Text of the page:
We recently had the chance to attend the annual Wells Fargo Healthcare Conference held in Boston. It is a great event with management teams from over 100 publicly traded healthcare companies making presentations to an audience of analysts, investors, and portfolio managers. These presenting companies run the gamut from small biotechnology firms to health analytics companies to household names like Johnson & Johnson and Medtronic. We go into this conference each year with the three goals: to get a progress report on the names currently in our portfolio; to find some new potential candidates on which to focus our future research; and to learn something new about the industry.
In terms of our current holdings, we got to see managements from Johnson & Johnson, Abbott Labs, Anthem and Alcon, to name a few. JNJ kicked things off by talking about their strategies to achieve above-market growth rates in 2020. There were some puts and takes, where management highlighted some areas that need improvement while other segments simply need to maintain their leadership positions. Ashley McEvoy, Worldwide Chairman of Medical Devices, talked about how robotics is becoming an exciting area, attracting lots of interest from all sorts of investors. She cautioned that when JNJ comes to market with a product, they don’t focus on being first but rather being the best – this is consistent with what we know about the philosophy of the company. There was no mention of the pending talc or Opioid lawsuits facing the firm, however. Next, Abbott Labs appears to be firing on all cylinders. With a huge presence in many emerging markets, they are growing their revenues around 7-8% each year and their earnings in the double digits, and there are no signs of slowing down. This is evident in their stock price, which has done extremely well over the past few years. Finally, we had a bit of a let down with Alcon, a recent spinoff from Novartis. Management was unwilling to commit to various targets, giving us some pause about their confidence in the business. This will be an area that requires further research in the coming weeks.
When it came to finding some new ideas for the portfolio, three companies stood out to us out of the 15 or so presentations we attended. The first was Cerner Corporation, a firm that specializes in the digitization of medical records. Cerner can essentially offer a digital platform to large health systems so that they can begin to benefit from the utilization of health analytics. This fits into one of our core investment themes – that “big data will rule the world.” The next attention-grabber was Edwards Lifesciences, a fast-growing, innovative company that develops proprietary products and services for late stage cardiovascular disease. This is a company that is growing its top-line at 10%+ per year, however, this is reflected in its lofty valuation. Our final new idea was Encompass Group, a provider of inpatient rehab services – this is an area that will only grow given the aging demographics in the U.S. Encompass has a capable and talented management team, and the company is experiencing solid growth. Their biggest overhang at the moment is potential change to the healthcare laws that could affect their reimbursement rates. All in all, we feel good about the names we came away with and can now focus on the due diligence phase.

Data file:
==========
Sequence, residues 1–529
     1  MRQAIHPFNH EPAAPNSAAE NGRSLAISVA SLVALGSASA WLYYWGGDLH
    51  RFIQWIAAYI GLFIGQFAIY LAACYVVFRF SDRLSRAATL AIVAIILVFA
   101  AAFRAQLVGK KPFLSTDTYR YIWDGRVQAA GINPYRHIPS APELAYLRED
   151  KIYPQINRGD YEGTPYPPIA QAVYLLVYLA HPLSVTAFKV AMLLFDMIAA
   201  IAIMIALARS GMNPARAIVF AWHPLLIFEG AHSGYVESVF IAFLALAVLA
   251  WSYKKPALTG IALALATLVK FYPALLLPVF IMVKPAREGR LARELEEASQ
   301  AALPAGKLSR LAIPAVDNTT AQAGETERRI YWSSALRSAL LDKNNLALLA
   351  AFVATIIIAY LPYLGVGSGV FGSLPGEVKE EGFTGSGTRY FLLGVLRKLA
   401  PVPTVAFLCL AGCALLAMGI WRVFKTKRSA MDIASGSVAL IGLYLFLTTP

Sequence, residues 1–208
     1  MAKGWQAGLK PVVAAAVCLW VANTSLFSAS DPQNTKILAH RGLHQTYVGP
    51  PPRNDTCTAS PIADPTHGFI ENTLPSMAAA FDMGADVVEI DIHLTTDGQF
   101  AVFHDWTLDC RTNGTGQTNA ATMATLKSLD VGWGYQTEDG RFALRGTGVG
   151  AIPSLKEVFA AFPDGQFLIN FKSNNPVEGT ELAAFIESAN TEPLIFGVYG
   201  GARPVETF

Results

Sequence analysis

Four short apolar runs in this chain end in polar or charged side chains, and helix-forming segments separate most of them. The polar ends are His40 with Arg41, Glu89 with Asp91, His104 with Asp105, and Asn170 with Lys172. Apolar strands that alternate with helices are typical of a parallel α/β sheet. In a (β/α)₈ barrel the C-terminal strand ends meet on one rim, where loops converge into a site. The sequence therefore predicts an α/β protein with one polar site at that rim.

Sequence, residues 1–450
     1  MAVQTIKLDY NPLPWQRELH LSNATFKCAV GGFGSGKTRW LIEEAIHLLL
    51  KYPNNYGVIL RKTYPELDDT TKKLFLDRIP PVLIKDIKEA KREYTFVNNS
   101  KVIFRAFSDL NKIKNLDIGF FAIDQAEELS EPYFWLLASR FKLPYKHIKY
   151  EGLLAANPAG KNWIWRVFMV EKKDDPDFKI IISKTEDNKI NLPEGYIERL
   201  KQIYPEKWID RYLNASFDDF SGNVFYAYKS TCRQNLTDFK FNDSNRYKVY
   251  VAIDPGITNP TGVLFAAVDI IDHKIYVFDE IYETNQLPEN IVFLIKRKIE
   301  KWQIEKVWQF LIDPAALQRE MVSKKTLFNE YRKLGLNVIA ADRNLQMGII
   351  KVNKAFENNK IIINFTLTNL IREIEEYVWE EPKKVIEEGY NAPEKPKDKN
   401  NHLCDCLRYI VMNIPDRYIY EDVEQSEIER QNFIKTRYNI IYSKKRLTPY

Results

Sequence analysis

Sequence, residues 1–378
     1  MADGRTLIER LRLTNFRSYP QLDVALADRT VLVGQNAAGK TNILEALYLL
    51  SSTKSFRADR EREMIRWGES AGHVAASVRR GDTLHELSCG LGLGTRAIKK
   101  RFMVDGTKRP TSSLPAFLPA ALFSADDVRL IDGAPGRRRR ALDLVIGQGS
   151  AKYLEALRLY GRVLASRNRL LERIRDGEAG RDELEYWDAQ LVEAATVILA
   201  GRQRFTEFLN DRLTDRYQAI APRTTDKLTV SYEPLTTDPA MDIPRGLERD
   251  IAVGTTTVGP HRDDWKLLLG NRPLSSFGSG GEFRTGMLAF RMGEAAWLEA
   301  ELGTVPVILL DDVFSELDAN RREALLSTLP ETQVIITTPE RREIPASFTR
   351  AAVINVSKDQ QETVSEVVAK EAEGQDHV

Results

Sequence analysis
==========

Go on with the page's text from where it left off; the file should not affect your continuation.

We also had a chance to listen to various industry experts and keynote speakers throughout the conference. One fascinating presentation was given by Gilbert Kliman, an Opthalmology expert (opthalmology = eye/vision care; don’t worry, we had to Google it, too). We’re not sure we’ve ever seen a more qualified person – he holds an undergraduate degree from Harvard, an MBA from Stanford, and an MD from UPenn. To top it off, he went on to do a residency at Wills Eye Hospital in Philadelphia, which is widely regarded as the top institution in the world in the field of Opthalmology. He talked a lot about the amazing innovation paths in this very specific field. For example, the technology behind the now popular LASIK surgery was initially developed as a semiconductor manufacturing tool back in the 80s. Fast forward to today and we’ve got some amazing AI-powered innovation. There are now apps for your phone which can effectively diagnose an eye condition with a simple photo. It’s an exciting time to be in the medical field. As you can probably tell, we absorbed a lot of information in a very short amount of time over the course of this two-day conference. The next steps will be to gather our thoughts, review our notes, and implement some of these new ideas into practice.
Thanks for reading our On the Road blog series. Check back often to see what we’re up to. You can easily subscribe to our blog by typing your e-mail in the box on the right sidebar.
This is not an offer or recommendation to buy or sell any security and does not constitute investment advice.